FringeNYC report: Day 10, Mothers of Invention
If you had to choose, would you say your life most resembled a cartoon or a carnival? Drawn by the hand of fate or propelled by the chaotic momentum of the midway? Rendered in meticulous India ink or 64-bit digital, or covered in grit and spangles? Anna Sullivan and Naomi Grossman are here to lead you through the pleasures and pitfalls of each with their respective solo performances Anna and the Annadroids: Memoirs of a Robot Girl and Carnival Knowledge.
The mysterious entity that is the Amerifluff Corporation lurks behind this latest edition of the Annadroid saga, two different installments of which were performed at the 2006 and 2007 New York International Fringe Festivals (The Robots’ Dream Tour, and Clone Zone). This performance however is different in that it is just Sullivan alone onstage, supported with video, original music, and 3- D live camera effects rather than with a troupe of flesh-and-blood “robot” dancers. Sullivan is a flexible and courageous dancer, and the driving electronica that forms her score (composed by David Morneau, Forest Christenson, and Sullivan) sets an appropriately forbidding and futuristic tone. As Sullivan doesn’t speak during the piece, all of the exposition and storyline is presented via video, which cuts between hilarious spoof commercials for a variety of Amerifluff Corporation products (“Touchy-button” phones, for example), and the pages of a “Heavy Metal”-style graphic novel in progress (drawn by Natalya Kolosowsky, Grace Passerotti, and Bella Messex). The major drawback of this strategy is that the performance proper never builds up momentum, so often does Sullivan quit the stage altogether (reappearing several minutes later in a series of sexy costumes designed by Liz Harzoff and Sullivan). Recently relocating to the West Coast might have inspired Sullivan to strip her Annadroids production as close to the bone as possible, but quite honestly, it could use a little more meat.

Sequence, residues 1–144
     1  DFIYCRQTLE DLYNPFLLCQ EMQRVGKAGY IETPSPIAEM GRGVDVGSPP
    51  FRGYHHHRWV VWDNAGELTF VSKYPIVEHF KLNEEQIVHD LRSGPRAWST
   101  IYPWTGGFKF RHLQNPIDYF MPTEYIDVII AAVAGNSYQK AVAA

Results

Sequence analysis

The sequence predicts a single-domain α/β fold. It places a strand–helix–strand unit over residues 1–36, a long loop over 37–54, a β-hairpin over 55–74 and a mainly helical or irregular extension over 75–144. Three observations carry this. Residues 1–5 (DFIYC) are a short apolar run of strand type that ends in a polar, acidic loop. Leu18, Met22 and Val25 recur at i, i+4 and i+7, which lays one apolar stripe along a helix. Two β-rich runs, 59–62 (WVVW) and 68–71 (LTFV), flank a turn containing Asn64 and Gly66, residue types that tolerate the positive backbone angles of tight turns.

Naomi Grossman’s kinetic performance style is by far the best thing about her solo show, Carnival Knowledge. Entering the “ring” while juggling a trio of rubbery dildos (“What? You’ve never juggled weenies before?” she quips), Grossman soon launches into a litany of thwarted love. From a flirtation through the flaps of a walk-in dairy cooler at Trader Joe’s, to the guy who “surprised” her by taking his pants off, unasked, in her bathroom while ostensibly using the toilet. Her story of a crush on her yoga teacher is accompanied by some very enviable yoga poses, while her story of a dalliance with two world-class, Argentine soccer players is just plain enviable. The downside is that Grossman’s romantic mishaps, as occasionally chaotic as they sound, don’t entirely fit into the clever carnival theme she sets up at the beginning of the show, and by the end, the only remaining nod to it is an encounter with a fortune-teller though what we really wanted were more circus tricks, and fewer platitudes.
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